Software Process Improvement, Decision-Making
When making judgments, people rely on heuristics or "shortcuts" that can lead them to good solutions. In certain situations, however, these techniques can cause inconsistencies and promote cognitive biases. Referring to software processes improvement initiatives, it is important that the practices, techniques, methods and tools suggested for the processes provide mechanisms to support decision-making, thus minimizing the negative effects of such biases. This paper, based on a qualitative research applied in two IT companies in Brazil and Portugal, aims to examine eight biases: anchoring bias, exposure effect, hindsight bias, halo effect, planning fallacy, sunk-cost fallacy, availability-related bias, and Parkinson´s law effect. Through semi-structured interviews with project managers (PMs), roots causes were identified for each bias, as well as methods and tools used to minimize its negative effects, which were consolidated into a concepts map. Agile practices and knowledge management activities were cited as essential in software processes focusing on decision-making improvement.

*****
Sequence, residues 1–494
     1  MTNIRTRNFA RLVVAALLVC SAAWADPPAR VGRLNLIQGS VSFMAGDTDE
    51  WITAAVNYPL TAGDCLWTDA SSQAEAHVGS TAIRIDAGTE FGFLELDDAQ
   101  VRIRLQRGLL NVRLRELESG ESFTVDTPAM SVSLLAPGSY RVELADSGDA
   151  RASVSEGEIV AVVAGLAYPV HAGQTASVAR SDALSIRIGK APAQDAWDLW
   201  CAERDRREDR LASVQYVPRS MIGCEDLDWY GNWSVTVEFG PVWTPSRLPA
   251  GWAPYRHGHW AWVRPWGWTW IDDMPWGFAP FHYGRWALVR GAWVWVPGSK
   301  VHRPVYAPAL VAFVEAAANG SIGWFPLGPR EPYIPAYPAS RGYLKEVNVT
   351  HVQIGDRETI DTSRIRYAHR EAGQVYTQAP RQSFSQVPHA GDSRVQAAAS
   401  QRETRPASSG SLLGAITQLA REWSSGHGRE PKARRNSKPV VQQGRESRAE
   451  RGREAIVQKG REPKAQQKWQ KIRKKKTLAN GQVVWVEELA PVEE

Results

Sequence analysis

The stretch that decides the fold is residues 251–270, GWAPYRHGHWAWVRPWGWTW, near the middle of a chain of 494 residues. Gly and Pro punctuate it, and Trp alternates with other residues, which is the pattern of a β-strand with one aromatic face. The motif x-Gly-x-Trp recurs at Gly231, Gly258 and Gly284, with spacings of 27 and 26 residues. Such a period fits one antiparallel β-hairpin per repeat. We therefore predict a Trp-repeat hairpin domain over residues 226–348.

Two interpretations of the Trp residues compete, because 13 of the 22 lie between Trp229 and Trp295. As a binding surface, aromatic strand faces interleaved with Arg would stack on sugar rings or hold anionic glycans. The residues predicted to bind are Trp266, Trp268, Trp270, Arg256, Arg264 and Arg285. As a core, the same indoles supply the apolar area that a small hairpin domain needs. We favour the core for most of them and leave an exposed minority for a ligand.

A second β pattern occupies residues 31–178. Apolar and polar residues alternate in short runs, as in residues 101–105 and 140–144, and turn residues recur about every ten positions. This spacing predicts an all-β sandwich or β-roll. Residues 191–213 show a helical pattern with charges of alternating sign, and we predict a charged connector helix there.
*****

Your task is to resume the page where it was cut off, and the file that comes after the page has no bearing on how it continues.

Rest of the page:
da Cunha, José Adson Oliveira Guedes; Dias, José Jorge Lima Jr.; Cunha, Lívia Maria Rocha de Vasconcelos; and Moura, Hermano, "Software Processes Improvement in light of Cognitive Biases: A Cross-Case Analysis" (2015). Proceedings of the XI Brazilian Symposium on Information Systems (SBSI 2015). 66.